Age of Conan and Lord of the Rings Online are two of the fantasy MMORPG contenders battling for World of Warcraft’s leftovers. The games are well into their life cycles at this point: more than one year for Conan, two years for LotR. If you’re planning to dip into your gaming fund to immerse yourself in one of these worlds, which one should you choose? Depends what you like.
I’ll preface this review with the caveat that I didn’t play every class or get to high level content in either game, nor did I participate in any PVP, so I can’t claim to have experienced even half of what these games have to offer. However, I did spend a few weeks with each one and developed a pretty solid overall impression. One thing I can say for certain – they’re both good games, and I liked them both significantly better than World of Warcraft.
LotR Online is the game most similar to the familiar WoW. A lot of the fantasy tropes WoW is based on come straight from Tolkien, after all. Pick a race, pick a class, go out and take on missions. Especially in the early game, LotR suffers from a lot of “FedEx” missions. Killing assorted creatures, carrying things from one place to another, “mining” a certain number of minerals by clicking and waiting…game designers need to stop using these kinds of missions. They are simply not fun. They never were. For a game like LotR, which is supposedly focused on an epic high fantasy story, it feels especially lame.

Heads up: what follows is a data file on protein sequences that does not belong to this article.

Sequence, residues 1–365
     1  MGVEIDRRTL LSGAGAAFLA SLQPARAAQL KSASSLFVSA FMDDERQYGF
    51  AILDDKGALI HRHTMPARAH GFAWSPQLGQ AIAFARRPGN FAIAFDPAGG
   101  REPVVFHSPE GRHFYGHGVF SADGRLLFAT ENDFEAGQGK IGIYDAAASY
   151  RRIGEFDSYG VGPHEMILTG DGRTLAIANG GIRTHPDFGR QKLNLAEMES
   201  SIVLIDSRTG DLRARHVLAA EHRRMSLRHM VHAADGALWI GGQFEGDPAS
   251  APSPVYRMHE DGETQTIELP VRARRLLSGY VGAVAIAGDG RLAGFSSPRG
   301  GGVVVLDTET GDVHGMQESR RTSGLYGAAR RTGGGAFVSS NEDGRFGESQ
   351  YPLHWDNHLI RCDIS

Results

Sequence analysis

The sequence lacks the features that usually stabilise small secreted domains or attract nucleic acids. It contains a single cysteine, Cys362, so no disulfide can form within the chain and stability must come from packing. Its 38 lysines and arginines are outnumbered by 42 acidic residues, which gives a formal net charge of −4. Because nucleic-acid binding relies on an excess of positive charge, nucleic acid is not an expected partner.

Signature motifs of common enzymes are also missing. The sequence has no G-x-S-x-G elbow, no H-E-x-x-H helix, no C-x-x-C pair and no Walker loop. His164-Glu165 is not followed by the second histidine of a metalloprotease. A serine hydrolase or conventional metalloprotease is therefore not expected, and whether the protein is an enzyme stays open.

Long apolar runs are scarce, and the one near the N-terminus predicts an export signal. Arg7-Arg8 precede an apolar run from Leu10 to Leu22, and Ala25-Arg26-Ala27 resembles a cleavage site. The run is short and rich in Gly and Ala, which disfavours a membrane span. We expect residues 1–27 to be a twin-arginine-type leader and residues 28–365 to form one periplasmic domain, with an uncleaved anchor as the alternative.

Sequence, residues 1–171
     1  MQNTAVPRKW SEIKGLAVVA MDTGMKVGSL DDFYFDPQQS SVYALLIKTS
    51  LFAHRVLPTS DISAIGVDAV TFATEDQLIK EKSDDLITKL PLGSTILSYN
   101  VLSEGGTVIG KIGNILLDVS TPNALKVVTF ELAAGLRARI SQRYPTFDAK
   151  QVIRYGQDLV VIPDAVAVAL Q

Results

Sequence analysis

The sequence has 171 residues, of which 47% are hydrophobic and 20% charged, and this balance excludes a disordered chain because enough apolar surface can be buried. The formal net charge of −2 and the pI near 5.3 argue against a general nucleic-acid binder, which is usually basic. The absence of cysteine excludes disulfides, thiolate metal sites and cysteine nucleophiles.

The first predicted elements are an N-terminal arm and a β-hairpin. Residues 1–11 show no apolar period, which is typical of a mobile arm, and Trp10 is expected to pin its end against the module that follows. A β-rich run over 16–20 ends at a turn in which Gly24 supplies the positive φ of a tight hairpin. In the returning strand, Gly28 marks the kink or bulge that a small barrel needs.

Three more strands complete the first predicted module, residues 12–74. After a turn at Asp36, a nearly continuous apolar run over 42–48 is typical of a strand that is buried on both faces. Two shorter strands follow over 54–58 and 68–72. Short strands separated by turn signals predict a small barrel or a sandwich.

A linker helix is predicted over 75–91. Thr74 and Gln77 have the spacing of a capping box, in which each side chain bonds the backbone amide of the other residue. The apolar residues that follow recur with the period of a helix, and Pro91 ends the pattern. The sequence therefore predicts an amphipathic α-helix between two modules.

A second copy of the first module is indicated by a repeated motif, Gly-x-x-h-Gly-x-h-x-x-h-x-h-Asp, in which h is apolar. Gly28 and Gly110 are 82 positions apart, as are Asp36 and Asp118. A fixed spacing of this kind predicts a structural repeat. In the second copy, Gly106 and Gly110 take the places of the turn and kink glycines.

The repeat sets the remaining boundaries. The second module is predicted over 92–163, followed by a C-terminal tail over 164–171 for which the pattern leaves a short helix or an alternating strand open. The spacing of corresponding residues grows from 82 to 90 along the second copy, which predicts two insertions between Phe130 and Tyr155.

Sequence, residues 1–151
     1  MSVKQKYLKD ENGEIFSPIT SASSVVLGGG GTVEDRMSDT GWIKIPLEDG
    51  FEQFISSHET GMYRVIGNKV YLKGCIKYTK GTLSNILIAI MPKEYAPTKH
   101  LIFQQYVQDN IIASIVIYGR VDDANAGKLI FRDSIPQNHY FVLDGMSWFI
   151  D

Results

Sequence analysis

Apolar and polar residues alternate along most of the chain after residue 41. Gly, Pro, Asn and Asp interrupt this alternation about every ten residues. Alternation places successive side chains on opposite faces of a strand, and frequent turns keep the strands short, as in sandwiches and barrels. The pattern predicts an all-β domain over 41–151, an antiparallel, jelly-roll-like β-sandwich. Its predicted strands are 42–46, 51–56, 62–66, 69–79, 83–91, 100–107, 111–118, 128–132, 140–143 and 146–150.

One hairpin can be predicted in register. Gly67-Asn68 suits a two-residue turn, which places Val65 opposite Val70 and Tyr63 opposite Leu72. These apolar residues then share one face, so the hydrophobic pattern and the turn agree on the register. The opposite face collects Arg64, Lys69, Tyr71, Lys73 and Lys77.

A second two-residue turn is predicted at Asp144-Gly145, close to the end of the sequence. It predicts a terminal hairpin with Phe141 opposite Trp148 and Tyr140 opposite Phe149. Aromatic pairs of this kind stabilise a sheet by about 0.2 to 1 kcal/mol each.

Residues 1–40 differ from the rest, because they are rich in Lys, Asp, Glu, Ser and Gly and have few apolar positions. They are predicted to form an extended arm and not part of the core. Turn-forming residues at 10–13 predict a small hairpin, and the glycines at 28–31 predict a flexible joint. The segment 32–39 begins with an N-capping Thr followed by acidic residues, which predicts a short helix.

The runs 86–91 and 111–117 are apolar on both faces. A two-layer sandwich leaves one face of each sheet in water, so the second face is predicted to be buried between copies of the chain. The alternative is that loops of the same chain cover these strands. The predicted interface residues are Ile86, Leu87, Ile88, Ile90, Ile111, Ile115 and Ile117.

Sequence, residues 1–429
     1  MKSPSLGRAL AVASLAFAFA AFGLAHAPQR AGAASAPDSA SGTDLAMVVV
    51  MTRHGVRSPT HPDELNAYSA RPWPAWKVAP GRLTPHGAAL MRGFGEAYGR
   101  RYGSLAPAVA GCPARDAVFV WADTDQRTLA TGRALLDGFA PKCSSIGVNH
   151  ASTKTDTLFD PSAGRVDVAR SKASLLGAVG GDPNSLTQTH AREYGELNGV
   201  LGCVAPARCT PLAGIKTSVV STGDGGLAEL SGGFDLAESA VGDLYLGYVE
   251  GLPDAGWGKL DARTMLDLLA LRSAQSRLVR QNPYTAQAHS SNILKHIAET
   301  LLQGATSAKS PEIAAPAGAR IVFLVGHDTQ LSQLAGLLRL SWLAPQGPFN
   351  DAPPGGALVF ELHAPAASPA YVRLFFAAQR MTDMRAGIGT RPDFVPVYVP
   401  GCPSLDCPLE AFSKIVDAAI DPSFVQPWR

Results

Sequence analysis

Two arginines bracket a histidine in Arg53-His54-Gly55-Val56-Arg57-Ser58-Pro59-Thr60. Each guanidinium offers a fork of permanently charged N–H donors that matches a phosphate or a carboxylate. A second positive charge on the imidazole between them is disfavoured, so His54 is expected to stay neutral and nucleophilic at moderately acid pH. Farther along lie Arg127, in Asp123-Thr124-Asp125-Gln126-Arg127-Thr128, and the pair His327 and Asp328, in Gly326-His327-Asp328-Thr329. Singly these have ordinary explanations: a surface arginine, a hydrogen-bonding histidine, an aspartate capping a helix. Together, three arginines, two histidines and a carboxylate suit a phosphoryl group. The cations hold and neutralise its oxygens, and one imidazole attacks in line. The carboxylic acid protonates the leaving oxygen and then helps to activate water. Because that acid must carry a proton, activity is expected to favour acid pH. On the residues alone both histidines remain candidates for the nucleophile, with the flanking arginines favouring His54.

Luckily, there is a major plotline that draws your character forward. I’m assuming it grows in significance as you reach higher levels. Depending on your race, you’ll deal with a seemingly minor local problem. You quickly discover that Sauron’s minions have their shadowy fingers poking into your business.